“Our struggle since 2003 has been a nonviolent one. Throwing stones at the fence doesn’t kill and doesn’t cause suffering; it is intended only to show that we are resisting. It is a disgrace for us not to resist. No one here believes in the methods of killing or causing suffering. No one thinks it is necessary to go ahead and shoot. We just want to convey a message of resistance − with respect to the very presence of the fence and of the soldiers in the village. It’s a message that the soldiers and the fence are not wanted here. The people only want to protest. This game has been going on for 10 years now and everyone knows his role.
“But recently the Shin Bet has been taking action; it wants to pressure Budrus residents to stop the struggle. They always find a reason to put people into prison. [They take] the brother of a shahid,” he says, referring to Abdel Rahim Awad, “who had been arrested and wounded and taken to the hospital − and now the locals are afraid he will tell them everything they want to hear. [Security people] bring him pictures and he points to them. That is enough to lead to the arrest of someone. We have experience with giving information to the Shin Bet. We aren’t blaming either the shahid’s brother or anyone else. We know no one volunteers to talk; it’s because of the threats. Most of us have experienced interrogations and therefore are not angry. Our children say that if they were in his shoes they wouldn’t talk, but there are always those who break down. We understand.”
While Ayed speaks, his brother, Abdel Nasser Morrar, 43, listens. He was arrested in the middle of the night about three weeks ago, as part of the latest wave of arrests, on suspicion of having thrown stones back in 2009. Recently, Abdel Nasser also has been documenting the Budrus struggle with a camera given to him by B’Tselem: The Israeli Information Center for Human Rights in the Occupied Territories.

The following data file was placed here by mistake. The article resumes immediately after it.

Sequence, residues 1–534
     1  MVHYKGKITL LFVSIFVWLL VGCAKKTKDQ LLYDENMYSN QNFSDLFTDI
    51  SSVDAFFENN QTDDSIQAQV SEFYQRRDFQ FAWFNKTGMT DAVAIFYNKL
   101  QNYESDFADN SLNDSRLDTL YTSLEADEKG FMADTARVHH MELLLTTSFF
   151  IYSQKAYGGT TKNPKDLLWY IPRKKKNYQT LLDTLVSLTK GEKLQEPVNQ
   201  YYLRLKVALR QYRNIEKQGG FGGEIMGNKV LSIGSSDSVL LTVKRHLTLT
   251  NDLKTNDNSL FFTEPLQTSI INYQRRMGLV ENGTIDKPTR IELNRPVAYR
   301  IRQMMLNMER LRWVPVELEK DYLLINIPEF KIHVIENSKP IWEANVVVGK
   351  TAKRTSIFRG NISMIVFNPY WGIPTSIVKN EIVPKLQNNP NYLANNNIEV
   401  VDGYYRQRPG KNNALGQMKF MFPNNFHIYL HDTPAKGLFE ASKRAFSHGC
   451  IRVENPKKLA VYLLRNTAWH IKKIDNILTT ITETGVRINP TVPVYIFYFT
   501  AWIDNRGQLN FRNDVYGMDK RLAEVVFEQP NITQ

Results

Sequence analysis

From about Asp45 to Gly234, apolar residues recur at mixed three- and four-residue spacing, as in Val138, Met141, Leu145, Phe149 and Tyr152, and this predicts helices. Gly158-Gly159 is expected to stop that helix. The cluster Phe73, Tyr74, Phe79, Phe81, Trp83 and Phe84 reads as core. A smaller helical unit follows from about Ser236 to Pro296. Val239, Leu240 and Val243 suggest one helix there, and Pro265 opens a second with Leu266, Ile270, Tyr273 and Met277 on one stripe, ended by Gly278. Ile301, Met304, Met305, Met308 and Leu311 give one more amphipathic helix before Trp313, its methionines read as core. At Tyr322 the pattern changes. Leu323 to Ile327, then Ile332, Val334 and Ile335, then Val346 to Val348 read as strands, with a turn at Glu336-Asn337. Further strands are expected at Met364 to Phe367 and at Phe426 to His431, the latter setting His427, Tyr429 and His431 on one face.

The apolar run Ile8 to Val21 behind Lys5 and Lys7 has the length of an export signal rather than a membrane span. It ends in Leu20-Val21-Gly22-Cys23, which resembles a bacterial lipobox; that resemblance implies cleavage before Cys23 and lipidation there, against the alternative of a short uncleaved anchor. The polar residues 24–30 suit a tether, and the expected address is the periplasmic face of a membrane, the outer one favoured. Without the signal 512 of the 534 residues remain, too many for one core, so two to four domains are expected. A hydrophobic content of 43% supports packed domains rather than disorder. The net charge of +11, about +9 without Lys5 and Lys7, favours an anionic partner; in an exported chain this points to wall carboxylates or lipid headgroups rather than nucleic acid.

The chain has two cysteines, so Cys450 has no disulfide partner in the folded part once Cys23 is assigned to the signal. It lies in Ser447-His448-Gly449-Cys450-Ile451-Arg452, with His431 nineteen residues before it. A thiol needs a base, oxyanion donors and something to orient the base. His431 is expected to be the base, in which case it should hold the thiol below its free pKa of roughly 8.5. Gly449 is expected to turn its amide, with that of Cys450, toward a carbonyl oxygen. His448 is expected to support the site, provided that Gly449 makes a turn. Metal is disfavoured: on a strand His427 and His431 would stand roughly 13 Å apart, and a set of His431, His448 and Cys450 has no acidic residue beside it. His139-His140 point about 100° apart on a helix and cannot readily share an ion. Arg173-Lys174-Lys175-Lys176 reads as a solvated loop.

Perhaps that also had something to do with his arrest? He says that, according to the charge sheet against him, he was not incriminated by Samir’s brother Abdel Rahim, but rather by another young villager who was also arrested.
Abdel Nasser spent two weeks in prison, during which he was hardly interrogated at all. He was released on bail of NIS 12,000 − a sum that very few people in the village are able to raise. Now he is awaiting trial. Only he and one other suspect, also relatively old like he is, were released. All the rest are still behind bars.
These days, residents of the village are forbidden to get any closer than 100 meter from the separation fence, but the barrier is relatively close to the school, which makes things difficult for the students. Ayed Morrar observes that because the IDF does a lot of filming, with sophisticated equipment, of what happens in Budrus, including inside people’s homes, the women must keep their head-coverings on at all times, in case they are filmed.
The struggle he is leading is different from that in other villages. In Budrus they do not demonstrate against the fence only on Fridays, as is generally the case in Bil’in, Na’alin, Nabi Saleh and the other protesting locales.
“In Budrus,” Morrar explains, “we think no one will give us our rights and so we have to struggle for them, as Martin Luther King said ... Therefore, the struggle goes on every single day. Our timing is dependent on the bulldozers or the soldiers who come. With you in Israel, the bulldozers don’t in fact work on Fridays, so what do we have to demonstrate against on a Friday?
“It’s good for the media but we don’t need to please them or the authorities. On the other side of the fence, across from the school, there is an IDF shooting range, and it too adds to the feeling of suffocation and fear. The shooting can be heard in the village all the time. There is hardly any talk here about the diplomatic negotiations. If there is one topic that nevertheless inspires some people here, it’s the release of the prisoners. But in the meantime, the number of prisoners and detainees is, in fact, just multiplying, here and elsewhere.”